Are diesel regulations helping? The added components on a Tier 4 diesel exhaust system have actually reduced the fuel efficiency of the new diesel engine. Today we are burning more fuel with a cleaner exhaust. Hmmmmm.
I am going to avoid the political debate and address the issue at hand. The inevitable transfer to tier 4 engines. How can you avoid it?
The primary addition to the exhaust system is the addition of DEF (Diesel Exhaust Fluid). This is a mixture of pure water and Urea. When it is sprayed into the exhaust a chemical reaction occurs converting the exhaust to nitrogen and water vapor. The engine system needs to run hot to completely burn the fuel for the DEF system to work. If it is not running hot enough, diesel particulates collect in an exhaust filter, causing back pressure on the engine. (Tune in next week for DPF talk).
The only way to avoid this inevitable transfer to tier 4 engines is to save and rebuild your Teir 3 trucks and equipment. With vehicle technology, I don’t believe a 2006 Tier 3 Ford truck is worth replacing the tier 3 engine. There are too many electrical components that have reached the end of their useful life and you will have more problems that will decrease the dependability of your transportation. Plus its hot in Texas and I know my AC is going to retire at or around 100,000 miles.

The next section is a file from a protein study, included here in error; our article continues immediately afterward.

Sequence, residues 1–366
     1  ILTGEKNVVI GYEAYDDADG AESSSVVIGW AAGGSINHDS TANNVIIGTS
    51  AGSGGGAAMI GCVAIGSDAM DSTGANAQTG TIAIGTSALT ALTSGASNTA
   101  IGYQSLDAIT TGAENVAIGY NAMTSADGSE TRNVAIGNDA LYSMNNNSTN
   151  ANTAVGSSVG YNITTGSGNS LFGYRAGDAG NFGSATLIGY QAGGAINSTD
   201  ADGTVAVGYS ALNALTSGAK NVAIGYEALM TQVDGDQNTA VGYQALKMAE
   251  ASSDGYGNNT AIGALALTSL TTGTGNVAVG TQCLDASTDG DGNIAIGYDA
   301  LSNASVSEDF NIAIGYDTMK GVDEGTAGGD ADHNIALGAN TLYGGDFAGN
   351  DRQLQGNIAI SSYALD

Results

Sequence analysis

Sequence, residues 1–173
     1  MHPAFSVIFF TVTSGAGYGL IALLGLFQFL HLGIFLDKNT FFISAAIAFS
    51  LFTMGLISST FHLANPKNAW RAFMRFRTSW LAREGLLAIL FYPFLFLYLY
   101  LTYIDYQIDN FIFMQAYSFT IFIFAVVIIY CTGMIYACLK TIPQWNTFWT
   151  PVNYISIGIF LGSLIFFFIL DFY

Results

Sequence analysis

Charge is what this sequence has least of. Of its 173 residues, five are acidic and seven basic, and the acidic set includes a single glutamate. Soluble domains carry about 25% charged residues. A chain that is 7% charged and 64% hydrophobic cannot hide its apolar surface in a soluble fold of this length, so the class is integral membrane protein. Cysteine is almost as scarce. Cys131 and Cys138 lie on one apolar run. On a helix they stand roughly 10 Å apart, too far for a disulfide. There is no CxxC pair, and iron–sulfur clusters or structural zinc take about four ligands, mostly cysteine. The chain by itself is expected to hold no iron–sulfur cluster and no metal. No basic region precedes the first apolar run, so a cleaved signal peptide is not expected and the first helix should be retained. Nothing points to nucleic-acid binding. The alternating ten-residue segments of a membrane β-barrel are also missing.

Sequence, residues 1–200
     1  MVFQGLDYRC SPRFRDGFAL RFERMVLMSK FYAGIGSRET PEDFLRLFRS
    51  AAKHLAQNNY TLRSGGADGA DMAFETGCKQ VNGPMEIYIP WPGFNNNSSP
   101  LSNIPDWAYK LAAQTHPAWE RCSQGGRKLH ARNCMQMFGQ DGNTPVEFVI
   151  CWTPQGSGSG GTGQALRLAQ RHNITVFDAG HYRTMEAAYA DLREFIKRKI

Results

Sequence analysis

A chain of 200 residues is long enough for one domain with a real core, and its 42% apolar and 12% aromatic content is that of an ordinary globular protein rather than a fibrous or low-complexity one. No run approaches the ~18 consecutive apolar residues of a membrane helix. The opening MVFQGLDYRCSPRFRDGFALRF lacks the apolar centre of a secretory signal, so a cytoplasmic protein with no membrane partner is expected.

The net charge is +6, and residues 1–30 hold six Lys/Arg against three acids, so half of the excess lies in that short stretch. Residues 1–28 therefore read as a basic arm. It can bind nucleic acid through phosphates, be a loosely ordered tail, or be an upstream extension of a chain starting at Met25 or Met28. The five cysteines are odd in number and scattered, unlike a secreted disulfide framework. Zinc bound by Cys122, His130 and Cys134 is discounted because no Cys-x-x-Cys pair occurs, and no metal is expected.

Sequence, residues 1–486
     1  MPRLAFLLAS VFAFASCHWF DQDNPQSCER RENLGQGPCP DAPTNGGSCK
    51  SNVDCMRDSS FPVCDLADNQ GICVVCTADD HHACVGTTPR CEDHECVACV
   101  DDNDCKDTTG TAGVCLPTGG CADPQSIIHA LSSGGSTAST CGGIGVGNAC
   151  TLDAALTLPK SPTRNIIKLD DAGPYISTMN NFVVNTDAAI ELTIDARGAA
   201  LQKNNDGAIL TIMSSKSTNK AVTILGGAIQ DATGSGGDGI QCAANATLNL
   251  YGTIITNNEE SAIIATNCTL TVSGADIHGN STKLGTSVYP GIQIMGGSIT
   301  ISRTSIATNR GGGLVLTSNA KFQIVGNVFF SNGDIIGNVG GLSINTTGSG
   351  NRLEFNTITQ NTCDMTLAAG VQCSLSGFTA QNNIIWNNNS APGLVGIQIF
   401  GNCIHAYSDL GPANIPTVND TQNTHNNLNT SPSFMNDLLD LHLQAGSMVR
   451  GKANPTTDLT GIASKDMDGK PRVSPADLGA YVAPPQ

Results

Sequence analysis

It’s time to evaluate your diesel equipment fleet. What components are attached to the diesel engine have a long enough dependable life to replace the Tier 3 block? Personally, I think man lifts, compressors, generators, pumps, forklifts, and your heavy construction equipment like maintainers and articulating dump trucks will all pay off in the long run by replacing old engines. There is no limit to how many times you are allowed to replace a tier 3 engine.
IndustrialQUIP can source your new Tier 3 replacement engines. We would love the opportunity to perform a cost evaluation of rebuilding your Tier 3 pumps or generators VS buying brand new Tier 4 equipment.
Next Week’s blog. Diesel Particulate Filters. What is regen? What are the risks of operating equipment through the regen process? What happens if you bypass?
This is the South Texas Pump and Power Master, David Nobles. Stay tuned, email me with questions for my next blog. firstname.lastname@example.org
David M. Nobles_IndustrialQuip_361.444.9484